Organizations are moving applications to modern cloud computing infrastructures at a growing pace because they provide business services on-demand, but the transition to a usage-based OpEx cost model can come at a steep price.
A Silicon Valley startup company known as YotaScale claims it can automate cloud IT operations management and thereby reduce sticker shock and predict performance issues with its new service that uses machine learning and AI.
YotaScale can minimize downtime by detecting anomalies captured from APM, configuration management and log management tools and feeds from cloud providers, which can provide information to reduce unnecessary capacity and storage usage.
While various performance and configuration management tools have begun adding AI and machine learning in some form, YotaScale founder and CEO Asim Razzaq argues none provide a picture that’s holistic enough to adequately predict and help cloud IT operations teams automate the remediation of excess public cloud capacity usage or prevent performance or security issues.
As much as 40 percent of cloud service usage among enterprise goes to waste, according to Razzaq. Moreover, IT ops teams spend 30 percent of their time on tasks that should be automated, Razzaq said. In many cases, the speed and number of events running in today’s cloud services are beyond the scope of today’s engineering teams, he added.
YotaScale has a four-phase approach to addressing this issue, starting with detection, then diagnosing the root cause of a problem, remediation and ultimately using all that data to predict future issues. “A lot of tools in the market are still stuck in this first phase, where you’re still getting analytics and reports, but there’s not a lot of decisioning capability,” Razzaq told IT Ops Times.
“The manual approach is where a ton of decision-support data points are needed for the human operators because they are dealing with a bunch of data,” he added. “And the autonomous approach is where you have a lot of these insights, you know the root cause, you know where this stuff is headed, and you can prevent this before the issue occurs.”
Razzaq founded YotaScale on that premise, which he learned firsthand as senior director of platform engineering at PayPal, where he was responsible for ensuring availability, performance and scalability for the large payment processing company. Founded in 2105, YotaScale is also announcing $8 million in Series A funding from Crosslink Capital. That brings the amount raised to $11 million, with earlier funding from Pelion Venture Partners and Engineering Capital.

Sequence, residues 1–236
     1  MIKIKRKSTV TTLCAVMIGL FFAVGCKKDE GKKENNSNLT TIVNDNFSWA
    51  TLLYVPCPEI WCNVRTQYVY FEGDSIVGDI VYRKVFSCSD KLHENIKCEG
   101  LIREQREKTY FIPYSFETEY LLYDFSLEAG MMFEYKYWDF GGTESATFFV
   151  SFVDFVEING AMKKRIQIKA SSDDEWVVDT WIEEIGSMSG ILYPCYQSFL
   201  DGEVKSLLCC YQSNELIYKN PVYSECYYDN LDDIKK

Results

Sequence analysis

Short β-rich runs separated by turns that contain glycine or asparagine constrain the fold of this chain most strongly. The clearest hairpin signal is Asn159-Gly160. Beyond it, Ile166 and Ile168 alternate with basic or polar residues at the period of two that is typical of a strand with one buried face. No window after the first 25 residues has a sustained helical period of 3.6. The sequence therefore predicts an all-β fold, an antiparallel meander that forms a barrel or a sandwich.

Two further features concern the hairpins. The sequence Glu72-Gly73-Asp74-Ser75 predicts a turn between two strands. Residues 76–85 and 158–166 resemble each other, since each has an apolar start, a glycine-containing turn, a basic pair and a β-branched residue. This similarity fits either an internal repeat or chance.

Among others approaching autonomous cloud IT operations and cost management are CloudHealth Technologies, CloudCheckr, Cloudability and services offered by cloud providers such as AWS Trusted Advisor and Cloudyn, acquired by Microsoft last year.
YotaScale’s namesake IT cloud automation service is SaaS-based and is now officially available. The company is also revealing its first customers, AdRoll, Expedia, Reltio and ProtectWise. YotaScale lets cloud ops teams make more informed decisions on the amount of cloud usage required to ensure workloads meet business and operational objectives and predict performance issues before they happen.
It currently runs in Amazon Web Services (AWS), where it can gather cloud provider data such as cost, utilization, inventory, logs, utilization and cost. Next year, YotaScale will also gather similar data from Google Cloud, followed by Microsoft Azure.
YotaScale also pulls cloud ops policy data such as mandatory tags that are applied, resource whitelists and purchase preferences, as well as actual customer costs, utilization, logs and containers and data from third-party performance, memory and configuration management tools. It also feeds that information to Slack, Atlassian Jira, PagerDuty and ServiceNow.
After training its model for three years on 502 petabytes of operational data from 476,000 different resources and 21,000 applications, YotaScale claims it has achieved 85 percent accuracy and that it has processed $202 million in usage costs.
“While 85 percent may not sound impressive, the value prop here is that in 85 percent of cases you receive is valid and actionable advice for how to optimize your cost/performance/availability by rebalancing your cloud resources,” said Torsten Volk, an analyst at Enterprise Management Associates. “The other 15 percent you can ignore and expect the system to further learn what’s important to you so that it can come up with improved results in the future.”
Carl Brooks, an analyst at 451 Research, offered a similar view. “The promise they’re making is that machine learning and policy-based automation of workloads across multiple best-execution venues need to get married,” Brooks said. “That will allow enterprise IT to reach the next levels of efficiency and outcome. That’s in the face of severe challenges in actually getting this done in enterprises, where the blockers are not technical but around people and process. YotaScale is the right direction.”
Ultimately, YotaScale intends to move beyond just detection to provide automated remediation to provide autonomous cloud IT operations management with support for applications running in multi-cloud scenarios using Kubernetes-based orchestration. The service is aimed purely at cloud-native applications, according to Razzaq.
“Our goal is to ride the Kubernetes wave,” he said. “As more and more workloads get converted to Kubernetes, we will see a lot of on-prem stuff get converted. The tool cost for $250,000 Amazon EC2 instance hours would be roughly $40,000 and $45,000.